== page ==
Friday 3 February 2023 Dublin: 12°C
Morgan Treacy/INPHO Niall McInerney in action for Roscommon against Sligo.
# Twelve Months On
From working in a Santa Barbara ice cream parlour to playing in a Connacht football final
It’s been quite a transformation for Niall McInerney.

WHEN ROSCOMMON SAW off Sligo last month, Niall McInerney celebrated after lining out at corner-back.

When Roscommon had suffered a stunning upset against Sligo a year ago, McInerney was thousands of miles away with football far from his thoughts.

“I was in America last summer. I took a break and went, I was in Santa Barbara.

“I didn’t play any football out there at all. The weather was unbelievable and just to get a break from the football was good.

“To be honest the first time I saw that Sligo match (in 2015) was about four weeks ago. I didn’t watch it at all, didn’t play or watch football at all over there.

“I think I saw the result on Facebook and that was it. I really wasn’t thinking about football at all over there. I was working in an ice cream parlour and getting a bit of a tan!”

McInerney came on as a sub in the 2014 All-Ireland U21 final hammering that Roscommon suffered against Dublin. That campaign was then a springboard to a summer with the senior squad.

John Small with Niall McInerney Donall Farmer / INPHO Niall McInerney in action against Dublin in the 2014 All-Ireland U21 final Donall Farmer / INPHO / INPHO

“It was a good learning experience, I was only 18 going on 19. I wouldn’t have been physically strong enough for senior football but I definitely learned a lot from John and lads like Seanie McDermott and Neil Collins.”

The new Roscommon management appointed at the start of the season were not unfamiliar to St Brigid’s club man McInerney.

“I worked under Kevin (McStay) before. I was only 17 or 18 when we won the All-Ireland (club). I was just on the fringes of the team, I didn’t start or didn’t get a game.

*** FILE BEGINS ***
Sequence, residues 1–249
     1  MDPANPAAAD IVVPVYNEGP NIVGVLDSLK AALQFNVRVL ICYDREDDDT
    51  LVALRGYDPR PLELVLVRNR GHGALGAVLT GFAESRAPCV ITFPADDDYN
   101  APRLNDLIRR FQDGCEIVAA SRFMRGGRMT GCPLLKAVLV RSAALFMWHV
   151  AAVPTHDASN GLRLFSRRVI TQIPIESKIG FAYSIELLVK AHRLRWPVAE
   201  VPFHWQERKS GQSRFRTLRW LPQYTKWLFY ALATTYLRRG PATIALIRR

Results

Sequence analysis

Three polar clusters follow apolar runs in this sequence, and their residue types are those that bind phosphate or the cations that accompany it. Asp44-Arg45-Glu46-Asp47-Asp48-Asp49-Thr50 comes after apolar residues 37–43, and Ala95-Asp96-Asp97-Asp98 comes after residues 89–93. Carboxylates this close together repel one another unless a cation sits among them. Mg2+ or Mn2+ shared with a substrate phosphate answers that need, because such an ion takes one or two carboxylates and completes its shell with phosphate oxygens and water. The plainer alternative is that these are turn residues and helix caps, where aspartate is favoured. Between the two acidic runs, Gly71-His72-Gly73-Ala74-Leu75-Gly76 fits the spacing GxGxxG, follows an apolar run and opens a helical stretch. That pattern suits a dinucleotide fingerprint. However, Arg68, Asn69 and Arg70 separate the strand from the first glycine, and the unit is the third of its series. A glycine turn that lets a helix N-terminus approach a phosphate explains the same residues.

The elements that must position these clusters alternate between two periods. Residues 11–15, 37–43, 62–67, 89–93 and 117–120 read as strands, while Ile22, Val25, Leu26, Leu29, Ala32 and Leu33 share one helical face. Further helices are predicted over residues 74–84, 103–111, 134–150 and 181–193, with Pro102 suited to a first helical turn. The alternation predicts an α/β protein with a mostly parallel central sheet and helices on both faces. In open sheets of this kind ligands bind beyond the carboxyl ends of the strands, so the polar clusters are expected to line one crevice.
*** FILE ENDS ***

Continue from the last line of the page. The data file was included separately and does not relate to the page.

“Kevin and Liam (McHale), they bring something different. They are two very interesting characters and you just learn so much from them. It was good for me at the start of the year because I knew there style of play and I knew what they were like.

“I knew the level of application you’d need with Kevin because he’s just a perfectionist. Liam is just so knowledgeable about football. Then you have Fergal and David Casey, their passion for football is just something else.”

Kevin McStay with Liam McHale Mike Shaughnessy Kevin McStay and Liam McHale were previously in charge of St Brigid's Mike Shaughnessy

McInerney has not lacked in commitment to the Roscommon cause this year. He’s just finished studying third year medicine in UCD with an inter-county career.

“The travel down from Dublin would probably be the main thing. I’d say this year doing both probably helped me.

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“You’d know ‘I’ve training this evening’ so I’d have my study time scheduled from nine to five or whatever it is. So it brings that bit more focus to your life. If you weren’t playing football your diet might go down.

“Playing football gives you a bit more purpose in your life – you know what you are doing every day, you have everything planned out. Sure, it’s a challenge sometimes but at the end of the day it’s worth it to be playing for Roscommon.”

Galway are the obstacle to overcome for Roscommon in Sunday’s Connacht final and there’s Tribesmen links in McInerney’s family.

“My Dad is from Galway and my Dad’s uncle played hurling for Galway back in the days of Christy Ring. There will be a bit of banter in the family. He is from Gort, a hurling stronghold.

“He’s tapered down the Galway allegiance over the last few years! But I definitely remember when Galway won the All-Ireland in 2001, we went down to Galway and got the cup.

“We would have gone to all the Galway matches back then so it’s nice to be playing Galway in the final in Salthill.”

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